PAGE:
Pooh belongs to the people now, though Blood and Honey can’t help raising the ontological question of how much alteration his image can sustain before he’s stripped of his essential Pooh-ness. While the 1926 short story collection Winnie the Pooh may be up for grabs, Disney’s representation of him will remain under copyrighted lock and key for nearly 40 more years, which mandated Frake-Waterfield distinguish his work from the genuine article clearly enough that no one could confuse them.

That means no catchphrases, no red-shirt-sans-pants ensemble, no head stuck in the pot labeled HUNNY while his legs wiggle helplessly behind him. Pooh has been made over by way of The Texas Chain Saw Massacre, now a hulking, silent humanoid in a dirty pair of overalls and lumberjack flannel. If not for the constant mentions by name, the film would be a bog-standard chop-’em-up cheapie in which the killer happens to be wearing a Pooh mask from under which his human mouth and eyes are both visible.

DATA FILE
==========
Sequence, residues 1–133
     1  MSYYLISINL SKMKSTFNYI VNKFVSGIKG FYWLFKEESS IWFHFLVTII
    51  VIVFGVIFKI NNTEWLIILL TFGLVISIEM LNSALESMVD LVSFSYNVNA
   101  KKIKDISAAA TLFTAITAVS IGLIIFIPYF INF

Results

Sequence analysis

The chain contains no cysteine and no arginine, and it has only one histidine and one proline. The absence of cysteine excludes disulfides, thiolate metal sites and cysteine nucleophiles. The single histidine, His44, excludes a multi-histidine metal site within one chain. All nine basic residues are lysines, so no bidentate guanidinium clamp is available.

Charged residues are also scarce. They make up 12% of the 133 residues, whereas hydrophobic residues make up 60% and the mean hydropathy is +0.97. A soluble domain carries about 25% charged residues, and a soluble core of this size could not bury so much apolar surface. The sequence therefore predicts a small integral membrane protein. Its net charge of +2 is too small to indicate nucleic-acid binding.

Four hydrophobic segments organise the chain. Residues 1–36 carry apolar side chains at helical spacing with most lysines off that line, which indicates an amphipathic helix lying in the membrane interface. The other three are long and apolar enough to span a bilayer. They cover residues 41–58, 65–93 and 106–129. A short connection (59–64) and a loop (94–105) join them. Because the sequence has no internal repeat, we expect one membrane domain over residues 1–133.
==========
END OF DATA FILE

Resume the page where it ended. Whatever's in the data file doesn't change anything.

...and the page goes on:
It’s a ramshackle, dashed-off operation with little to recommend it as cinema, but judging by the shrieks of delight and robust round of applause at the opening night screening in New York’s Regal Union Square theater, there’s a market for that. And the makers of Blood and Honey apparently know it too, the brazen anti-resolution of the non-ending – never a good sign when someone in the back yells “THAT WAS IT?!” – cuing up a title card that teases a sequel in the works. This green light is a declaration of hubris, and yet it’s already been vindicated by a nearly million-dollar take on opening night, schlock enthusiasts having smelled blood in the water and turned out in droves for a feeding frenzy.